Manufactured Housing Resources George Porter


"The very best recommendation I can give as further training is needed or additional assistance in developing training programs is required, my decision will be easy - Let George do it!"

Robert J. Henry
Home Installation Manager Fleetwood Enterprises, Inc.

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Things That Need To Be Invented Part II

By George Porter

This is obviously the second in a series of articles about things that need to be invented to make our homes better. This means better for the consumer, and/or the installer, and/or the manufacturer. The first article dealt with the need for a special climate control system for the gulf coast and this one will deal with tools that we need to make better homes.

Somebody needs to invent a laser protractor. It is not really much of a challenge to do this but to the best of my knowledge none exist. What this will look like when it is assembled will be similar to a saw guide for table saws. If you have ever seen one of these guides it simply slides in the groove parallel to the saw blade and the part that pushes the board pivots to what ever angle you want to cut the wood. 180 degrees are marked along the semicircle pivoting part of the device, you simply loosen the wing nut, line up the degrees of the angle you want to cut the board tighten the nut and push the board with the flat side. If you can't picture this don't give up yet, it will get better. If you can sort of understand what this looks like then picture two laser pointers, one attached to the part that slides in the saw top and the other attached to the part that pivots. What you want to do is create a tool that is an adjustable angle measuring device. When the tool is set to 90 degrees the two laser beams will be exactly 90 degrees to each other. On the other hand when the two laser beams are aimed at two points you will be able to read the scale and it will tell you what the angle is. Such devices are available but not with lasers. The lasers enable you to measure angles between things that are hundreds of feet apart if you want.

So, what would you do with this tool? Suppose you were in a factory and you had some problems with the roof line mating up on your multi-section homes. The floors fit fine but when the home is installed on the footers and very carefully leveled with a water level at the frame, the roof still has a gap in it. The problem here is easy to see, the marriage walls are not at a 90 degree angle to the main beams. If they both were the two walls would fit perfectly. The solution to the problem however requires you to know how they got that way so you can correct the problem. Did they shift during transit? Was the home built wrong at the factory? Is only one wall not square, if so, which one? At the present time we have no quick practical way to determine these things. If installations are to go smoother then fixing this problem would be a help.

This is where the "laser angle gauge" or whatever you decide to call it will help. This device can be attached to a little tripod and set at the edge of the marriage wall of the home. One laser can be lined up with the bottoms of the main beams and the other can be pointed straight up at a 90 degree angle and see if it matches the roof edge. This tool could be used as though it was a giant carpenters square to see if the chassis was straight or exactly what is the roof pitch of a certain home. When you put the camber in the frame you could see exactly how much you are putting in instead of just measuring the length of the bead welded on the beam. A tool such as this will tell us a lot about our construction techniques. We really sort of stack the components of the home together. First the chassis, then the floor, the walls are put on the floor and the roof is put on last.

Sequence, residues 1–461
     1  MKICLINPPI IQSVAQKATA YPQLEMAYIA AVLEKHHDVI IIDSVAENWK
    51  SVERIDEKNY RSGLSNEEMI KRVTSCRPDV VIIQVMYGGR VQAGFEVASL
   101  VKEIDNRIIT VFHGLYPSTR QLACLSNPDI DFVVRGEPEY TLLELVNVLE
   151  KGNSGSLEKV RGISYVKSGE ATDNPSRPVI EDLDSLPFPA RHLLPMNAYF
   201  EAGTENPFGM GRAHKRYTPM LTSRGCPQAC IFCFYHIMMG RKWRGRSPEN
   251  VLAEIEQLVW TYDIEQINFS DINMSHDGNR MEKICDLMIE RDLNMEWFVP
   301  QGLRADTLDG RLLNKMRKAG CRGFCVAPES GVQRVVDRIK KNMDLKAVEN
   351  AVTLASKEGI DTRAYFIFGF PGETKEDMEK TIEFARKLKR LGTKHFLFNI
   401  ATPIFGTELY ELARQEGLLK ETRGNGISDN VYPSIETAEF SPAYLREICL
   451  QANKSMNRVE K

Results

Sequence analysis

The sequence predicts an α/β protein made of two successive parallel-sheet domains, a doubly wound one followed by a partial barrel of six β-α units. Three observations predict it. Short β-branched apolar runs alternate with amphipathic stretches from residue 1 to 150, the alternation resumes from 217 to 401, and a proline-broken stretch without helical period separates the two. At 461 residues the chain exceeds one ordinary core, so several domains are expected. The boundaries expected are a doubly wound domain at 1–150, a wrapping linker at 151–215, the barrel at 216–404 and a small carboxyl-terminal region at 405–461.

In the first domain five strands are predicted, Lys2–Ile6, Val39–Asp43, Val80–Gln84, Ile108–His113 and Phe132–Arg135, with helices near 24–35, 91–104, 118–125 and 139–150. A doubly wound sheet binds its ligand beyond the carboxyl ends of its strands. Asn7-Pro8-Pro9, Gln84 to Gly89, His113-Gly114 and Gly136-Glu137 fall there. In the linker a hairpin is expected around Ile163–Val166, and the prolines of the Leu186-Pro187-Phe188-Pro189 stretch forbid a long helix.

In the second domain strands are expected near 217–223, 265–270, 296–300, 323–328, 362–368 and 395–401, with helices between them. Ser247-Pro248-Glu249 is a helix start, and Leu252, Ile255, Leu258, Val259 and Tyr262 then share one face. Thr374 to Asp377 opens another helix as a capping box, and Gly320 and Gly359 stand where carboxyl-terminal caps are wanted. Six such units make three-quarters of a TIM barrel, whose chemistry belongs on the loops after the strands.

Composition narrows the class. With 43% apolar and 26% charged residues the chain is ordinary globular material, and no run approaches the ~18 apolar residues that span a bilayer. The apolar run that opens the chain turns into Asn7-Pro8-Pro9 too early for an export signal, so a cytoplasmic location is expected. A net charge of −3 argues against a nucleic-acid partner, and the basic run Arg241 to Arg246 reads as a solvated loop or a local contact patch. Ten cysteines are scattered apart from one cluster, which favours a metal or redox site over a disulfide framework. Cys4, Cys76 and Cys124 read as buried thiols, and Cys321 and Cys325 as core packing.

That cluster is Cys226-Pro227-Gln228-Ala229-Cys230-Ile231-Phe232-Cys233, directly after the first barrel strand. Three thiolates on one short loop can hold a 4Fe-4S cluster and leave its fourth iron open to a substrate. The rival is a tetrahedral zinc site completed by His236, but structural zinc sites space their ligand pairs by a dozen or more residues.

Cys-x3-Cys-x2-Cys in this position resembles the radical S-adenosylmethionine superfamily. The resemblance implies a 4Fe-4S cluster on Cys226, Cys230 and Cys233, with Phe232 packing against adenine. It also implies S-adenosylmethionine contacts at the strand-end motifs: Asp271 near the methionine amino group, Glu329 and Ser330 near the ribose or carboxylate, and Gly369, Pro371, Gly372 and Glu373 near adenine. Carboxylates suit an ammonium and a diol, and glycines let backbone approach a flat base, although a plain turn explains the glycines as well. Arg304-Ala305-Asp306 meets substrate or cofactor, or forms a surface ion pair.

If for some reason these parts were not being stacked up straight then an installer has a heck of a time making it fit and look good without a lot of on site time and materials. The best time to catch this is when they are being stacked, not when you have to change the shape of the structure to make it fit and then having to fix drywall to finish it off. There have been many rafter systems pulled apart by installers trying to close the gap between the two halves. When the roof is weakened like this in a high snow load area, it could cause a roof failure. One of the more common problems is that you get the roof tight but the ceiling inside the home is a few inches apart. This means filling the gap, making the marriage wall openings uniform from the floor to the ceiling, and usually a lot of trim labor. This tool could be used to determine when this misalignment occurs. If the home is out of square at the factory door then production needs to work on the problem. If it is out when it gets to the dealers lot then either the truck driver and/or the factory need to work it out. Either the driver did something he should not have done, like drag the home frame over some high railroad tracks, or the factory needs to redesign the home because it will not travel as it should.

No home ever made will ever be perfect but we should do what we can to always move in that direction. This tool should help us see some of the problems and when they occur. We may or may not be able to do something about what we find but we will at least know where to work on it.

This tool should cost about $75 or so and the world needs it, so go invent it. Good luck

Next Issue: New kind of roof and what if you could have a permanent installation manual complete with all the blueprints for the foundation and construction of the home for under a dollar.